The Federal Communications Commission has released its 15th Annual Mobile Wireless Competition Report (PDF), which takes a detailed look at the state of the mobile communications industry in the United States to assist in policy-making and how to regulate the industry (or not) to benefit consumers. Rolling in at 308 pages (including maps and appendices), there’s plenty of material to digest, much of it culled from the census and regulatory filings, along with third party surveys and studies. However, some of the figures stand out: some 89 percent of Americans have mobile phone service, and nearly a quarter (24.9 percent) have dropped landlines entirely in favor of mobile service. Broken down by age demographic, that last number gets even more interesting: over 50 percent of adults aged 25 to 29 live in wireless-only households.
Americans also seem to love mobile Internet, with some 55.8 million people—just over 18 percent of the population—subscribing to a mobile Internet plan with at least 200Kbps of bandwidth in one direction—that figure is more than double the number of mobile Internet subscribers in 2008.
The report also finds some differentiation between folks who have a standard mobile phone (or feature phone) compared to a smartphone: mobile users aged 55 or over are more likely to have a feature phone than a smartphone, and mobile users aged 25 to 34 are more likely to have smartphones than feature phones (28 percent compared to 18 percent). However, in most other demographics, smartphones only hold a slight edge: 17 percent compared to 13 percent amongst 18 to 24 year-olds, 23 percent to 18 percent amongst 35 to 44 year-olds, and feature phones actually win out in the 45 to 54 crowd, 18 percent to 15 percent, respectively.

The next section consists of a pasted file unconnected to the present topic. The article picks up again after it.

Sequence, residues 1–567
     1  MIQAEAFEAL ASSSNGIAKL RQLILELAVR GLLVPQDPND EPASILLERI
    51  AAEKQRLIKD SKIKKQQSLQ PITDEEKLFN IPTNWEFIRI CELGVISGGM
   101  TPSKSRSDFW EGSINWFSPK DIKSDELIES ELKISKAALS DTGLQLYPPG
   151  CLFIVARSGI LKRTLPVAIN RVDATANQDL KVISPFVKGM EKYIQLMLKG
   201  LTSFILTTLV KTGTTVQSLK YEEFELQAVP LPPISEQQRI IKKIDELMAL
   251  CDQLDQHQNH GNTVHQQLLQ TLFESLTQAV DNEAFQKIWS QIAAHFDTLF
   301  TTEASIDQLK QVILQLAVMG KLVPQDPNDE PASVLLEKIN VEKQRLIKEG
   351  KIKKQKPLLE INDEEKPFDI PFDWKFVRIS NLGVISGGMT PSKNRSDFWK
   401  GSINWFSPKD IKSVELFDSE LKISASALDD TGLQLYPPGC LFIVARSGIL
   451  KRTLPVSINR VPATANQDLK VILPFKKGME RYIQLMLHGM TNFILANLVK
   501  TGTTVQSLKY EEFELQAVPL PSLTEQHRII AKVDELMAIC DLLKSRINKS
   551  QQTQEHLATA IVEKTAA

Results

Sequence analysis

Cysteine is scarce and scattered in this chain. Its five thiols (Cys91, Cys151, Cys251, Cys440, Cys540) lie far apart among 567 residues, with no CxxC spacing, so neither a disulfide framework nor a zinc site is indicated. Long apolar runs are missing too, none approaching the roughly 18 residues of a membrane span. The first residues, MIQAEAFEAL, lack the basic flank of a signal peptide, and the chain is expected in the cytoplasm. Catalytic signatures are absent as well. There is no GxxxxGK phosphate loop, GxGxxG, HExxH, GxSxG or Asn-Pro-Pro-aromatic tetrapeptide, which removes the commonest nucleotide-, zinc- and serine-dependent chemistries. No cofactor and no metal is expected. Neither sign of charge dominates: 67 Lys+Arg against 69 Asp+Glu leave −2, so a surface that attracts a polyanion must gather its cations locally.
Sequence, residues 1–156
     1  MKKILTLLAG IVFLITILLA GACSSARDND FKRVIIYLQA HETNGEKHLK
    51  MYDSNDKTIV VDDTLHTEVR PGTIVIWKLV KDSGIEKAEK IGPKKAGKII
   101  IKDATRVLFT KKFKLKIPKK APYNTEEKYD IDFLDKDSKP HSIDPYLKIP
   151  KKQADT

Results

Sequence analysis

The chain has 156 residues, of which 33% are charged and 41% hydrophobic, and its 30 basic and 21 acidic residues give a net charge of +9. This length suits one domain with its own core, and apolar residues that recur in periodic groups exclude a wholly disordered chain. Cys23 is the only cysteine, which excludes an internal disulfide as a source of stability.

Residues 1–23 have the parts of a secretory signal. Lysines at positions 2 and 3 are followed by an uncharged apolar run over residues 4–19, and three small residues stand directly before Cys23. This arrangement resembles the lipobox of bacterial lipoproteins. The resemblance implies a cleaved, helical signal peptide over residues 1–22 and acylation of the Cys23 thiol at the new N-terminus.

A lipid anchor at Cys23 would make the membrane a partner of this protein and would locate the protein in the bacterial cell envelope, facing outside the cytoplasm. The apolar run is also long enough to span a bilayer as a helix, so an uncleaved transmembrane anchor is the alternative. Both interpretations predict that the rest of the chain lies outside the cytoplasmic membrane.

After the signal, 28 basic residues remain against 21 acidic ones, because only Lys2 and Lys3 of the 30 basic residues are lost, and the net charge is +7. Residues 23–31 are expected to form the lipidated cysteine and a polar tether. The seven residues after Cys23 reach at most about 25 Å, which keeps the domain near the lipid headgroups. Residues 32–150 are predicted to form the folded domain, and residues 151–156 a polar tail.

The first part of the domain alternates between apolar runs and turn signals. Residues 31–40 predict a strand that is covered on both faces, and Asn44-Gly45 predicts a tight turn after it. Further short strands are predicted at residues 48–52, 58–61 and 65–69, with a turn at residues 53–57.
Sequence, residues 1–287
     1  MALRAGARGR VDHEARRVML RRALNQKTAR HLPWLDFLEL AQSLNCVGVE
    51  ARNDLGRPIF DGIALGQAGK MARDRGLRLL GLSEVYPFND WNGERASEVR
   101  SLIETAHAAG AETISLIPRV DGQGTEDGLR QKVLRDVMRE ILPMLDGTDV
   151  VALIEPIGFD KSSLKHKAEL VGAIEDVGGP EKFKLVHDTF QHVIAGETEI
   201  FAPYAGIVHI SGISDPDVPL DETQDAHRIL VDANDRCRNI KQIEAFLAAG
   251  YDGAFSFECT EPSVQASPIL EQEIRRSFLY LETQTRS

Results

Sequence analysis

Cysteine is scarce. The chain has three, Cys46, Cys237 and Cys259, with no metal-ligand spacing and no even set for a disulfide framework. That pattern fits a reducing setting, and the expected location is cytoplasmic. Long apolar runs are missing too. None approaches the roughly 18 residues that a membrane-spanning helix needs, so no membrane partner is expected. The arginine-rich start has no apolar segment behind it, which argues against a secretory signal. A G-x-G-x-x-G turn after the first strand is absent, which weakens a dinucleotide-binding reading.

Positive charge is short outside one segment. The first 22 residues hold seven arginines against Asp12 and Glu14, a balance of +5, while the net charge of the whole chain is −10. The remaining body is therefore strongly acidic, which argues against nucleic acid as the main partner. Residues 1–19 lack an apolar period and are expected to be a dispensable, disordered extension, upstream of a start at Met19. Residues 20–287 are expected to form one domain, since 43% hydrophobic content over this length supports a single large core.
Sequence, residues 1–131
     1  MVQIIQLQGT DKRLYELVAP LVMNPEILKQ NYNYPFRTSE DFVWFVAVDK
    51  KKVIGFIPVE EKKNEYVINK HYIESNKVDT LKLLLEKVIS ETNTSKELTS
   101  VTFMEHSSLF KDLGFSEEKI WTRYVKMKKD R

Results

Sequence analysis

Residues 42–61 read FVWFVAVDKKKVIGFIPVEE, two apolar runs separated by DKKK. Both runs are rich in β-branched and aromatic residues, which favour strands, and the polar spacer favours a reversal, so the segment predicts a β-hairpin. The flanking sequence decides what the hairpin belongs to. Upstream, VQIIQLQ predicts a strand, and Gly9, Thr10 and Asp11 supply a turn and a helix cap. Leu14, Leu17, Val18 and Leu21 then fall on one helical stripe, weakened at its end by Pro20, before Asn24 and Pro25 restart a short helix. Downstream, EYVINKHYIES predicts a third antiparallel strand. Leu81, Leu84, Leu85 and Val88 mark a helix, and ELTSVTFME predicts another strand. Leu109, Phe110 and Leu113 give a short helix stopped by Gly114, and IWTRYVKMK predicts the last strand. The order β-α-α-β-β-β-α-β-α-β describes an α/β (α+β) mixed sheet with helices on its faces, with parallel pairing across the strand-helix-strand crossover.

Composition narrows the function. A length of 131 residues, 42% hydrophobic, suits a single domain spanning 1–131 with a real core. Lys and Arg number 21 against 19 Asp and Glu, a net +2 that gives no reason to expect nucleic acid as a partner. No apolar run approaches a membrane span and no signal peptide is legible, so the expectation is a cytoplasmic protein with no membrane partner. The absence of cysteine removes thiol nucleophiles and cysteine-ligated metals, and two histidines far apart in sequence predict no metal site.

The FCC also breaks down mobile operator revenues by the top of service they provide—and, not surprisingly, voice service still makes up the bulk of providers revenue. The average amount paid by mobile subscribers across the industry for all services has dropped from $49.41 in 2004 to $45.85 in 2009, with voice service alone dropping from an average of $47.23 per month in 2004 to $33.54 in 2009. However, while text message fees accounted for less than 10 percent of average revenue in the overall industry in that time span, data services have taken off: where they accounted for just 3.1 percent of average subscriber monthly revenue in 2004, by 2009 that had jumped to 27.4 percent—and you can bet that figure is higher for 2010 and 2011.
The FCC report also shows major wireless carriers are reaping the financial benefits of consumers’ increasing adoption of smartphones and mobile data services. Verizon Wireless and AT&T pulled in record profit margins in 2009, and T-Mobile steered a pretty steady course from 2005 onwards.Only Sprint has seen a significant decline in its profit margin, and even it’s business was ticking along at 18.2 percent profit at the end of 2009.
Although the report is careful not to draw any conclusions—it’s intention is to provide raw data analysis for policy-makers—its content is sure to play a significant role as policy makers evaluate AT&T’s pending $39 billion acquisition of T-Mobile.
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